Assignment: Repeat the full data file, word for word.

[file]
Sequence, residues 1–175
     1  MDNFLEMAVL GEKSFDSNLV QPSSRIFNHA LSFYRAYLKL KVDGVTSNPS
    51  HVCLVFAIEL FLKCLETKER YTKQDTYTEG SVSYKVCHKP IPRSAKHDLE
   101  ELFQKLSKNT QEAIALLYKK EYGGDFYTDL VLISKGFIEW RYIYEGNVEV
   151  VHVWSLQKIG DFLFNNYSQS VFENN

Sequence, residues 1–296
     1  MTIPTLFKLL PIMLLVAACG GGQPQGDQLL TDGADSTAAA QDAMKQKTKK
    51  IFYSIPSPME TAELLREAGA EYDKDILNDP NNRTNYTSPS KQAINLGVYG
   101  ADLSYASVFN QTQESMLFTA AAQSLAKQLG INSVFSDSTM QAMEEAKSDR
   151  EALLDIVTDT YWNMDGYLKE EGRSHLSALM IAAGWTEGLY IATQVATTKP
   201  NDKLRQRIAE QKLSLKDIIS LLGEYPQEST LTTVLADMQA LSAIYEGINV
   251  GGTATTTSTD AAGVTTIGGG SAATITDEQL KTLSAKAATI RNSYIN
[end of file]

Sequence, residues 1–175
     1  MDNFLEMAVL GEKSFDSNLV QPSSRIFNHA LSFYRAYLKL KVDGVTSNPS
    51  HVCLVFAIEL FLKCLETKER YTKQDTYTEG SVSYKVCHKP IPRSAKHDLE
   101  ELFQKLSKNT QEAIALLYKK EYGGDFYTDL VLISKGFIEW RYIYEGNVEV
   151  VHVWSLQKIG DFLFNNYSQS VFENN

Sequence, residues 1–296
     1  MTIPTLFKLL PIMLLVAACG GGQPQGDQLL TDGADSTAAA QDAMKQKTKK
    51  IFYSIPSPME TAELLREAGA EYDKDILNDP NNRTNYTSPS KQAINLGVYG
   101  ADLSYASVFN QTQESMLFTA AAQSLAKQLG INSVFSDSTM QAMEEAKSDR
   151  EALLDIVTDT YWNMDGYLKE EGRSHLSALM IAAGWTEGLY IATQVATTKP
   201  NDKLRQRIAE QKLSLKDIIS LLGEYPQEST LTTVLADMQA LSAIYEGINV
   251  GGTATTTSTD AAGVTTIGGG SAATITDEQL KTLSAKAATI RNSYIN